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Boeing engineer Sam Salehpour said in a Tuesday interview that he thinks all 787 jets should be grounded to allow for proper safety checks of the plane, which has come under fire in recent months following a slew of incidents.

The NBC News interview — which will air in full on Tuesday evening — comes one day before Salehpour’s scheduled testimony before Congress about the safety concerns at Boeing that he laid out in a complaint he filed with the Federal Aviation Administration (FAA) earlier this year.

“The entire fleet worldwide, as far as I’m concerned right now, needs attention,” Salehpour said in a preview of the interview NBC News released Tuesday, when asked about the 787 plane model specifically.

“And the attention is, you need to check your gaps and make sure that you don’t have potential for premature failure,” he added.

In a letter addressed to FAA Administrator Michael Whitaker in January, attorneys for Salehpour said the Boeing engineer “repeatedly reported to Boeing management serious concerns about Boeing’s current production and quality control processes, which he believes are creating potentially catastrophic safety risks.”

The letter outlined problems with the production of the company’s 787 and 777 jets, saying specifically that sections of the fuselage of the 787 Dreamliner are improperly fastened together and could break after thousands of trips. Salehpour told the agency these issues were the result of changes to the fitting and fastening of sections in the assembly line and alleged that the concerns were brushed off.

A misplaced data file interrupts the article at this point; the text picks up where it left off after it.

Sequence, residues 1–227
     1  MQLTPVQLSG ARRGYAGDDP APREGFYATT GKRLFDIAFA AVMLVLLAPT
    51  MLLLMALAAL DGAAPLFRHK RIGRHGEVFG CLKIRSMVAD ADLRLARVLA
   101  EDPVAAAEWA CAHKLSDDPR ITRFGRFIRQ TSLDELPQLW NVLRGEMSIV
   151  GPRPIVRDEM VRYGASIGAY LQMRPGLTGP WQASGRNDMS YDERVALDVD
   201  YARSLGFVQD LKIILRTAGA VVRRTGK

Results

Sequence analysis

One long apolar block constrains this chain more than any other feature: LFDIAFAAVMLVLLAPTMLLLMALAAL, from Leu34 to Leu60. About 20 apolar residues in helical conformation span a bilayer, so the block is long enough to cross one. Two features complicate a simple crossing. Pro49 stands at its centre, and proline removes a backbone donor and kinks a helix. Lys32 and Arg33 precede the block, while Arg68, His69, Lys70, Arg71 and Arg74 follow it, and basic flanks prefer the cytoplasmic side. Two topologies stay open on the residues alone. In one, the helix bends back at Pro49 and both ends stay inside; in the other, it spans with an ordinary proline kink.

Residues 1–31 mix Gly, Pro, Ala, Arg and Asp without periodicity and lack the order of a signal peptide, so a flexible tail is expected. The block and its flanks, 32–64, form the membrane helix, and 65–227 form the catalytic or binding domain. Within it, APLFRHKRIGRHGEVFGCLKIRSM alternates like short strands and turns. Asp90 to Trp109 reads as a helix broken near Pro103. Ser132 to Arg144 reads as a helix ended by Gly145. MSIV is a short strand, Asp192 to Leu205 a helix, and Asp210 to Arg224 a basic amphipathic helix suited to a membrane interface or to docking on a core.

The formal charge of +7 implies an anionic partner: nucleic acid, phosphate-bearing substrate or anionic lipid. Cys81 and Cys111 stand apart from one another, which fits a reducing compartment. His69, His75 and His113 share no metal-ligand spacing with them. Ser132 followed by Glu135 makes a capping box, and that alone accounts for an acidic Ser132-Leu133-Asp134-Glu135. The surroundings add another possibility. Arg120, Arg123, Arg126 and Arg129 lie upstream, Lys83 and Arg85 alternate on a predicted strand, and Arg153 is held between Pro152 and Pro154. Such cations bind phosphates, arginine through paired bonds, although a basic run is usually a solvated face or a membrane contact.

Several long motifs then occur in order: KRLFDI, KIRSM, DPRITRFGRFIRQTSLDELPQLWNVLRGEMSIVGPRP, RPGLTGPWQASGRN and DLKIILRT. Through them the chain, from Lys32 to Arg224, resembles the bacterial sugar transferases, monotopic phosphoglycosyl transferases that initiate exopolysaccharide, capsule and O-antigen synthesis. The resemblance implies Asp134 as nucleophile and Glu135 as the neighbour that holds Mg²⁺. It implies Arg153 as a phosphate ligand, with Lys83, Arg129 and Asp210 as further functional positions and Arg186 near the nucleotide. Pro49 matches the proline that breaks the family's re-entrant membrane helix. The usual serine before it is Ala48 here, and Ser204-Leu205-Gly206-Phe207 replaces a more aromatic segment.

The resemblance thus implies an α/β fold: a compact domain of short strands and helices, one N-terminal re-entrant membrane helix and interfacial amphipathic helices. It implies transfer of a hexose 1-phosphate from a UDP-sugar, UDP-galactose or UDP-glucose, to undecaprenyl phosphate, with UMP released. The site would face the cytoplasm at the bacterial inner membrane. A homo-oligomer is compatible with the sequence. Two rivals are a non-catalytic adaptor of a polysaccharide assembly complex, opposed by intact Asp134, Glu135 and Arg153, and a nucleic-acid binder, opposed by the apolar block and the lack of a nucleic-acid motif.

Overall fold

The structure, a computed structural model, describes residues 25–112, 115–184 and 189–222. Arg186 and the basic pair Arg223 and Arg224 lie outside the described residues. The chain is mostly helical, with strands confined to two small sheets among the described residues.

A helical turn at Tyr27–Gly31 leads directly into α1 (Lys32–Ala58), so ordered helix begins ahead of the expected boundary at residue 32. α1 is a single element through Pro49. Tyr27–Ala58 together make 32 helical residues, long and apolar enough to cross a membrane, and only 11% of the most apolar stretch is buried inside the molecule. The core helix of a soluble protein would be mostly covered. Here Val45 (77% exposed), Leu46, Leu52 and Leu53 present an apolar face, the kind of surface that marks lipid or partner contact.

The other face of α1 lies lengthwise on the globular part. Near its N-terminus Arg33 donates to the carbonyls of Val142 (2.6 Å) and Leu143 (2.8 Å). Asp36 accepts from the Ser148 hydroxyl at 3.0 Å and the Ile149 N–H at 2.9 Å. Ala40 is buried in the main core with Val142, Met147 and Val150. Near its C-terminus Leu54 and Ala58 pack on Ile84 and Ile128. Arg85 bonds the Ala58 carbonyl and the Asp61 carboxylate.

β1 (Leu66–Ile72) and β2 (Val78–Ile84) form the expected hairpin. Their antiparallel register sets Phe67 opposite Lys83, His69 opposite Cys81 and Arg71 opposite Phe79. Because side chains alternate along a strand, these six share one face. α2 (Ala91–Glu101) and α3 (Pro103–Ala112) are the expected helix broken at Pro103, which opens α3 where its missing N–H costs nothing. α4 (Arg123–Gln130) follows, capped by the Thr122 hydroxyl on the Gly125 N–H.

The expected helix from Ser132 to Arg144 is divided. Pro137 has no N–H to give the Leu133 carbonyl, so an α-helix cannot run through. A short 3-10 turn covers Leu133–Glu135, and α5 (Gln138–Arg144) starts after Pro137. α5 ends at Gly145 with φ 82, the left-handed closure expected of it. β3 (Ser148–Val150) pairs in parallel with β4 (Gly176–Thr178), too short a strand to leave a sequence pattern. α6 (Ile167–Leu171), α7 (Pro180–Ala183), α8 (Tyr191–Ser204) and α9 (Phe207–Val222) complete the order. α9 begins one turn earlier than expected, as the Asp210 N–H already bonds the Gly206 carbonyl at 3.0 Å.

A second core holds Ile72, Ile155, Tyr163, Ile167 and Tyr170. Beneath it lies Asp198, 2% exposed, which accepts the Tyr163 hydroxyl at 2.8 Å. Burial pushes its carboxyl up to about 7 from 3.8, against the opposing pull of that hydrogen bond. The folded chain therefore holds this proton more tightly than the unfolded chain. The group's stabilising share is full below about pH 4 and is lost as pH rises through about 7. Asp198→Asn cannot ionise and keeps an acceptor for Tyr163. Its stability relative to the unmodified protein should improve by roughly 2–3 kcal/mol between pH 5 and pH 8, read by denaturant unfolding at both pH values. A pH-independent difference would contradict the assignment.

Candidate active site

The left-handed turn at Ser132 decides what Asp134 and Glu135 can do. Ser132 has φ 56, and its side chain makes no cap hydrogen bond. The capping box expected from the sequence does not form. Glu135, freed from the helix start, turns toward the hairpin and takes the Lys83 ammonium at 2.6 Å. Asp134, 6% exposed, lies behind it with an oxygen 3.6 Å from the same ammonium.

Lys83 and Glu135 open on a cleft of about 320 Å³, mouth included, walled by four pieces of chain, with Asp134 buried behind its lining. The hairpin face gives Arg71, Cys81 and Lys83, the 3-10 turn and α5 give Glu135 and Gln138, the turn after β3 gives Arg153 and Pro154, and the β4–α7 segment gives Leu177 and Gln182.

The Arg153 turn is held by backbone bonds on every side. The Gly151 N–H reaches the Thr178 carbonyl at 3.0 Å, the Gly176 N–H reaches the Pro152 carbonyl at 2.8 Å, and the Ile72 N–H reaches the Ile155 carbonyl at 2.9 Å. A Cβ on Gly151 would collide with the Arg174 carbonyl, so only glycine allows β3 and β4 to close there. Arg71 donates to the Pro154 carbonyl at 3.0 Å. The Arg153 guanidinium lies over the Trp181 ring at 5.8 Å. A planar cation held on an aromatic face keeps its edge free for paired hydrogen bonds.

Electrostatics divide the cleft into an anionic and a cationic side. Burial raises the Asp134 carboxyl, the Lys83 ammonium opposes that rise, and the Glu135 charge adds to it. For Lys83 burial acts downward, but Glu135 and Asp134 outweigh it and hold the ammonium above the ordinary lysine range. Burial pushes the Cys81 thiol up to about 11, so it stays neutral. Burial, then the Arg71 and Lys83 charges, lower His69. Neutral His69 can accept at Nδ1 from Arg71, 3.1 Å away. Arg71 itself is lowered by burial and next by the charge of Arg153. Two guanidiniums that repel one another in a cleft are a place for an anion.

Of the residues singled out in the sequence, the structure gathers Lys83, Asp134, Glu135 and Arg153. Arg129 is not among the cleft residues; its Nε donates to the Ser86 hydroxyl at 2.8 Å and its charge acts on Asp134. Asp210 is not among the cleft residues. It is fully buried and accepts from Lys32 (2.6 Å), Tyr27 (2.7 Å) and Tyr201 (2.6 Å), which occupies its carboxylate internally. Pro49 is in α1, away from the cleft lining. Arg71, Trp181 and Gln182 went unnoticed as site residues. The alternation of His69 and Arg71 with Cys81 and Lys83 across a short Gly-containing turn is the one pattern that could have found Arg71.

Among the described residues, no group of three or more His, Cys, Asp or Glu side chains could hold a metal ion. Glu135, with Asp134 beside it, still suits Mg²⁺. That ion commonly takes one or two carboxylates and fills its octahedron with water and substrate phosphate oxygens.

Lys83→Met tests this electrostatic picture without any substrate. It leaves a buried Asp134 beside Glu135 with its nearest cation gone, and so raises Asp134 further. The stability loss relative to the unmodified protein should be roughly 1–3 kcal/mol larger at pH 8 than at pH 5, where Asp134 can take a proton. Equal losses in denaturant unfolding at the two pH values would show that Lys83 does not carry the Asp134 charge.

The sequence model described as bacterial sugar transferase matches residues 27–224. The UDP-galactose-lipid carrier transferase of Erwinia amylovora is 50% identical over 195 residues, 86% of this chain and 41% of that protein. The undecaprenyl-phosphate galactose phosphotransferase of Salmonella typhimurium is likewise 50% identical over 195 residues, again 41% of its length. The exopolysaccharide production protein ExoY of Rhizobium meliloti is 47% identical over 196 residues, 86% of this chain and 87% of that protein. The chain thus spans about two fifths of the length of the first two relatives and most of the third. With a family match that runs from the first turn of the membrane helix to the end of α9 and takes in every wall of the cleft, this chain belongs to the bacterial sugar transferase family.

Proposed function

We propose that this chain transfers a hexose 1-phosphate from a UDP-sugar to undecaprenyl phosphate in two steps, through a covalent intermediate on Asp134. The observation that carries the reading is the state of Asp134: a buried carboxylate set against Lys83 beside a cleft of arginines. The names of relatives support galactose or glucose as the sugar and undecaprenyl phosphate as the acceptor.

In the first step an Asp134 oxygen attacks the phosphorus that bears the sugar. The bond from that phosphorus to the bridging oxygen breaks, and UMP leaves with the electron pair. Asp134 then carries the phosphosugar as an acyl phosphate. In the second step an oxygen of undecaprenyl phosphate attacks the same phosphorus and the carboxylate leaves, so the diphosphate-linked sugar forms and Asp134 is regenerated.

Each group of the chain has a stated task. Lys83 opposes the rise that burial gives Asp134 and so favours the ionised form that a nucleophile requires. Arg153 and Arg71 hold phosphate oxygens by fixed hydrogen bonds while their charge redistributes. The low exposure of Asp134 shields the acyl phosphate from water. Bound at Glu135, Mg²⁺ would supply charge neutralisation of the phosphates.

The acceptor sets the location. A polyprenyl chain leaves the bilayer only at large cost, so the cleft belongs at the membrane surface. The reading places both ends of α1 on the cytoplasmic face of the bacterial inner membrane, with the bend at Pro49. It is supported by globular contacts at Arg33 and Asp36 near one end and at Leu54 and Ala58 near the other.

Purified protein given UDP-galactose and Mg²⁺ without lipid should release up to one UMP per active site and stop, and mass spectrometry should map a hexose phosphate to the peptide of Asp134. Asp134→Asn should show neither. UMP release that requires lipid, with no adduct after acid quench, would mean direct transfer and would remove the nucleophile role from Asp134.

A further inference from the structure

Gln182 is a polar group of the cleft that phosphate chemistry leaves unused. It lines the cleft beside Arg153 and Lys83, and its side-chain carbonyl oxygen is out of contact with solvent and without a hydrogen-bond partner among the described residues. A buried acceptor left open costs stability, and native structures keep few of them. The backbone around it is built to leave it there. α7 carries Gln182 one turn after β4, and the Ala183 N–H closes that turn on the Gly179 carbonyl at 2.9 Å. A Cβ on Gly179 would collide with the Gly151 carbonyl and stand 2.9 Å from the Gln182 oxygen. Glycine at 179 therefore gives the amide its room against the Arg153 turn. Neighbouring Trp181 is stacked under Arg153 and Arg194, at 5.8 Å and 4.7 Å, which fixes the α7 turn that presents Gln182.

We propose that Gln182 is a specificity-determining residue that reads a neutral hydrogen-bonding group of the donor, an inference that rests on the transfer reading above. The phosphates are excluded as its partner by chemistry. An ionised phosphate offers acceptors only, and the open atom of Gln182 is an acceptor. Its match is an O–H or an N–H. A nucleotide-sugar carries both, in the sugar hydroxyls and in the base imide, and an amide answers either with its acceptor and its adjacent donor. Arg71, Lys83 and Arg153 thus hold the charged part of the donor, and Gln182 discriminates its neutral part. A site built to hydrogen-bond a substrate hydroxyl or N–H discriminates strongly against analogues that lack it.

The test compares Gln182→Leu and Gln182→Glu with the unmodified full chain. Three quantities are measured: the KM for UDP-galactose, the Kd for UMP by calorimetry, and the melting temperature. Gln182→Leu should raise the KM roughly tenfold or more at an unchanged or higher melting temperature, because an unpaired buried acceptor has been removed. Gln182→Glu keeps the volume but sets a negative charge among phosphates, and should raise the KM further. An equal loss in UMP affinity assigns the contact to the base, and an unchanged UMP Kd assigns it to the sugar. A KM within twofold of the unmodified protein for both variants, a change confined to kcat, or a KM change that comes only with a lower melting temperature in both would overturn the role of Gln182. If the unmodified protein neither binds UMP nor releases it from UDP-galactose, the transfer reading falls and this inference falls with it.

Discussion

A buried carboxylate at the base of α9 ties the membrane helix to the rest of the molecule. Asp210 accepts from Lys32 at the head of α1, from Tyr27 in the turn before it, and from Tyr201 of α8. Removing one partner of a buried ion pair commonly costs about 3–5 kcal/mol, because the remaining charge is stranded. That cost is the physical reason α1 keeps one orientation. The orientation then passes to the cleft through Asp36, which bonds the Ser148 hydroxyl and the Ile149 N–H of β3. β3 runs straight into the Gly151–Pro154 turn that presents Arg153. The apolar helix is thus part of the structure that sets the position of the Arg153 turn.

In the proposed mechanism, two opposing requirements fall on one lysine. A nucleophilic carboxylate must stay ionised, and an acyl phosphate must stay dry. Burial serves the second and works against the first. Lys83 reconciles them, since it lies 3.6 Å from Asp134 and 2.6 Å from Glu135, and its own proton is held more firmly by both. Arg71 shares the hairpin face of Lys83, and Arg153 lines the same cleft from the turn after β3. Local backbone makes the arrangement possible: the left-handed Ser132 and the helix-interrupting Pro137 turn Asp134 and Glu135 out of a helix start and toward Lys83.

“I have come forward, and I have extended my neck,” Salehpour told NBC News. “But you know, I’m at peace with myself. Because this is going to save a lot of people’s lives.”

A Boeing spokesperson pushed back on Salehpour’s allegations, telling The Hill last week that Salehpour’s claims about the 787 were “inaccurate” and not representative of the “comprehensive work” that Boeing does.

“We are fully confident in the 787 Dreamliner,” a Boeing spokesperson told The Hill, adding later, “the issues raised have been subject to rigorous engineering examination under FAA oversight. This analysis has validated that these issues do not present any safety concerns and the aircraft will maintain its service life over several decades.”

The spokesperson also said at the time that while there have been changes to the 787 manufacturing process over the years, they were not the cause of the issues that Salehpour alleged.

“This continuous improvement has resulted in higher quality and has had no impact on durability or safe longevity of the airframe,” the spokesperson said. “Our team’s work has included exhaustive testing and analysis to ensure the manufacturing process updates maintain the performance, full projected lifespan and strength of the airplane.”

The Senate Commerce Committee will hear testimony on Wednesday from Salehpour and three aviation experts, some of whom were involved in a February report that criticized Boeing’s safety culture as “inadequate and confusing.”

The report outlined 50 recommendations to Boeing and said the manufacturer should review and come up with a plan to address the issues within half a year. The experts said the plan should be shared with the FAA, which published the report.

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